Of turkey sandwiches, personal responsibility, and emergency preparedness



Thomas Goldstein (of Washington Bus fame) and I had lunch together Tuesday, and although it may sound like a  snore-inducing discussion, we talked about Seattle’s emergency preparedness opportunities. We met at Bakeman’s on Cherry Street, where a typical disaster only involves dribbling cranberry sauce off a turkey sandwich  down my front.

I am sure you already know –as an alert reader — that April is Emergency Preparedness Month.  And while I’d like to think that the biggest worry in my immediate future is Bakeman’s running out of dark meat, I know it’s important to get organized and be able to take care of myself and my husband should the sky really fall or the Earth truly tremble.

As we saw recently in Japan and most every other major international disaster, several days can pass before vital services are restored.  Neither you nor I want to be the turkey caught unaware and unprepared.  Are you ready to join me and wipe the symbolic cranberry sauce off our shirts and get to work on preparing to care for ourselves and our family in an emergency? Could you connect with and lend a hand to your neighbors, too, should they need the help?

I am chagrined to admit that I’m not prepared like I should be,  even though I have a list of my neighbors’ phone numbers and know the emergency prep mantra by heart. You know the one – it’s plugged often by King County’s Office of Emergency Management and features the “3 Days, 3 Ways” initiative:

1. Make a plan

A plan is a pre-determined set of action steps that you will take during a disastrous event. As we never know if or when a disaster will strike, identifying our actions beforehand increases our safety, lessens our anxieties during an event, and alleviates some of our fears towards disasters.

2. Build a kit

Have a Disaster Supply Kit at home with a minimum of three days worth of food, one gallon of water per person per day and including a battery-operated radio, flashlight, batteries, blanket, extra clothes, study pair of shoes, ibuprofen, thermometer, alcohol-based hand wash.

Have basic items such as food, water, light, first aid kit and a blanket for your car, work or school. Include extra change should you need to use a phone booth.

Have special needs items in your kit like a supply of needed medications for a minimum of three days, an extra pair of eyeglasses or extra cane, surgical mask, and food/water/leash for your pet.

3. Get involved

Know resources around you, including agencies and groups that provide safety training. Be a resource to someone else who may need help preparing. Remember: during a major disaster we will depend on each other.

What the 3 Days plan provides is a framework that you can evolve based upon the people in your household and the layout of your home and property.   My husband and I have about 1000 square feet in our condo, and trying to find the space to stash the recommended three day supply –six gallons of water– can be a challenge. Likewise, that case of refried beans, soup and canned peaches to get me and mine through three days takes up more shelf space than we have.  Under the bed perhaps?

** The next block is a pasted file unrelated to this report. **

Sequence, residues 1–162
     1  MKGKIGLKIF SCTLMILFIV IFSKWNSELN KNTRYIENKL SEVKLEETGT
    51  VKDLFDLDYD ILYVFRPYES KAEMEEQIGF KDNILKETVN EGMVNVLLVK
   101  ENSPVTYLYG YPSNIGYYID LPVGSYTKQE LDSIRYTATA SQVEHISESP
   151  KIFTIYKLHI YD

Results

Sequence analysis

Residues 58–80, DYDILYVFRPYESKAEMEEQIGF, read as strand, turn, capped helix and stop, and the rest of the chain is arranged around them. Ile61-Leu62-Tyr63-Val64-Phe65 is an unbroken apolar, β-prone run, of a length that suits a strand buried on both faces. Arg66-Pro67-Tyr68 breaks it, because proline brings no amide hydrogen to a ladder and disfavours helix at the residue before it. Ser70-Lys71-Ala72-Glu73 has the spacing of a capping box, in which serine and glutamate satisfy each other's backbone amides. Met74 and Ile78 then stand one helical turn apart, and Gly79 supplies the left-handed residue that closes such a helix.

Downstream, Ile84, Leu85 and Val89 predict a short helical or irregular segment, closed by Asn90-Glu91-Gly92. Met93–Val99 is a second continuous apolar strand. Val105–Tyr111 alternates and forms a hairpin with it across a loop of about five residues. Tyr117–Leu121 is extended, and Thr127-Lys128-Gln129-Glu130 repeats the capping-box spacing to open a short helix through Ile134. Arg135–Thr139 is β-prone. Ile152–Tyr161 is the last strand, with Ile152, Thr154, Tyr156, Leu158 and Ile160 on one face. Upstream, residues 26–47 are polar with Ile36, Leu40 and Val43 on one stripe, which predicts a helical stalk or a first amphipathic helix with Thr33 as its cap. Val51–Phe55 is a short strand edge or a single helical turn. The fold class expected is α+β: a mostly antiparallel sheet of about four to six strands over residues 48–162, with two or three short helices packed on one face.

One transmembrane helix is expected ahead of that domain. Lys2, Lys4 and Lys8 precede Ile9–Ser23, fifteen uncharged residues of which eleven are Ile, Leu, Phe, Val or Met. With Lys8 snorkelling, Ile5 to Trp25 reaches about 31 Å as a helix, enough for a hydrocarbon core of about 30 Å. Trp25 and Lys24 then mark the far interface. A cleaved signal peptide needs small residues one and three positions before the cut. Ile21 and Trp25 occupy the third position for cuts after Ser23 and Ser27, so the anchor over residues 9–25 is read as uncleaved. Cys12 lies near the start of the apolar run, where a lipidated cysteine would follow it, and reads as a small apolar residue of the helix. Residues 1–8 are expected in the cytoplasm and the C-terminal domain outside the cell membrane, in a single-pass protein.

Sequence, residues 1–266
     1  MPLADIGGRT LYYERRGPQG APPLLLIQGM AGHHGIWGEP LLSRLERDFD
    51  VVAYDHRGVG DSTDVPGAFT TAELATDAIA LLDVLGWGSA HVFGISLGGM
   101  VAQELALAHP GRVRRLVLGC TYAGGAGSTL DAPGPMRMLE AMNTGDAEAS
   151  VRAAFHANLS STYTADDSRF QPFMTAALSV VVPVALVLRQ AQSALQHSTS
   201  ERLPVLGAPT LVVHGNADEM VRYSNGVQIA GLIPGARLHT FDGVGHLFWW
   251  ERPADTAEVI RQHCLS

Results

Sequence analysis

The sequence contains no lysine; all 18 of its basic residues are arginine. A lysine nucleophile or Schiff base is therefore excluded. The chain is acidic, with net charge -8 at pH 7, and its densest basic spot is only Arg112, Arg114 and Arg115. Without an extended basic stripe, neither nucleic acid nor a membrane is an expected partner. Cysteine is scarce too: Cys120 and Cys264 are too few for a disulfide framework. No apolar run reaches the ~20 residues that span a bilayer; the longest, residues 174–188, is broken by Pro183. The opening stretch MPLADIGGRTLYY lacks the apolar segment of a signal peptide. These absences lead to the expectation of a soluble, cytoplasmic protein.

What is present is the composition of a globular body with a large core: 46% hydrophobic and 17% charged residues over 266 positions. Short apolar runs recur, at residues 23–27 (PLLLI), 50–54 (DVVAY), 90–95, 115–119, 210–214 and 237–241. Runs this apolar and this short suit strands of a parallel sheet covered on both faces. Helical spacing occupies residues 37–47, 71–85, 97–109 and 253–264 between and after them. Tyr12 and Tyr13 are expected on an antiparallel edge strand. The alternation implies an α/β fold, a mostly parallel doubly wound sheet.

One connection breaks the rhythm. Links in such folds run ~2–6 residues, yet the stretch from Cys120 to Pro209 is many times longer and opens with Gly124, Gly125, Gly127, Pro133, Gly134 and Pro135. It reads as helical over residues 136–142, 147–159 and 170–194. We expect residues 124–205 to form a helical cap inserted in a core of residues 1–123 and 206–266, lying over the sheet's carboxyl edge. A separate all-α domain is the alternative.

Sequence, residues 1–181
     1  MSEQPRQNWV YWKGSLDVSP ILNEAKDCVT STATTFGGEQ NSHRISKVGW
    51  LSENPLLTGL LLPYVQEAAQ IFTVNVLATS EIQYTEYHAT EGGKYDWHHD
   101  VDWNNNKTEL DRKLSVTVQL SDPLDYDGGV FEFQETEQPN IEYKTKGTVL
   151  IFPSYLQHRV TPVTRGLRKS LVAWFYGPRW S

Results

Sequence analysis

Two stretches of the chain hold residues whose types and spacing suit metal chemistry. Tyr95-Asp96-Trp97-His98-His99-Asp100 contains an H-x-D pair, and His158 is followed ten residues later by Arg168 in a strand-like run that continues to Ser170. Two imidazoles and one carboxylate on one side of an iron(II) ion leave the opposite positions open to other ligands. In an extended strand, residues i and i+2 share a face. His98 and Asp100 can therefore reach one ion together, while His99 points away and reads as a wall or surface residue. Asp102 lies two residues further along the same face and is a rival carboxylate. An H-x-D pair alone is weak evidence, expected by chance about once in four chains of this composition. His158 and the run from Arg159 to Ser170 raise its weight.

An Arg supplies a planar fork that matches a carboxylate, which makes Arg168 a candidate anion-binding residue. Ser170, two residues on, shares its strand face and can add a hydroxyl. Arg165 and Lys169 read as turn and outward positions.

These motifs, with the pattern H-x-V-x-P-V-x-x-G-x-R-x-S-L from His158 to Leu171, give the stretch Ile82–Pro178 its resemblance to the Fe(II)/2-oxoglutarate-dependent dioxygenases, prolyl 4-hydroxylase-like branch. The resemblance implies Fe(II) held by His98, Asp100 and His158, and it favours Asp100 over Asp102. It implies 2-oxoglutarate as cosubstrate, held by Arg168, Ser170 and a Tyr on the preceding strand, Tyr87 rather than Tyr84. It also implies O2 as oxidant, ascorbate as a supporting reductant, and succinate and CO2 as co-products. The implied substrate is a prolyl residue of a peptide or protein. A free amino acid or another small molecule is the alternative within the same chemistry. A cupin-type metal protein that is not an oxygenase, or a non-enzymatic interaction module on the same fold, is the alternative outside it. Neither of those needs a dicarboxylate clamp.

Come to think about it, I’d rather turn to a stash of purified water in a 5-gallon jug then have to make do with what’s in the upper toilet tank.  Wouldn’t you?  Find space, I will.

If you’ve done your due diligence and checked out the 3 Days site, vist the City of Seattle’s Office of Emergency Management for more tips and information. You can also see what others are doing in Seattle — check out our West Seattle and Fremont neighbors for example. If you need something a bit more interactive, try http://www.sf72.org/home. The City of San Francisco created a series of responsive icons that you can click on for specific tips. While there, take the Earthquake Quiz and see how you do. That site can be translated into one of five languages, too.

I understand that in San Francisco people can opt-in to a web site and get local emergency info texted to them.  Thomas Goldstein told me he was in SF recently and learned via text that a gas main had burst in an area where he was headed.  He responded accordingly.

Messaging can address the gamut of problems, from Thomas’s broken gas main and hill slides to major traffic wrecks or tsunamis. Seattle needs this kind of messaging capability, too, and I’m working with Council President Richard Conlin and now Thomas Goldstein to make this happen.

“AlertSF is a text-based notification system for San Francisco’s residents and visitors. It sends alerts regarding emergencies disrupting vehicular/pedestrian traffic, watches and warnings for tsunamis, flooding, and Citywide post-disaster information to your registered wireless devices and email accounts. Registrants can also sign up to receive English-language automated information feeds and/or alerts targeted to specific areas of the City.”

How have you prepared yourself and family for possible emergencies?  Please let me know what you’ve done to get prepared and email me at sally.bagshaw@seattle.gov.  I’ll share some of the best ideas I receive.

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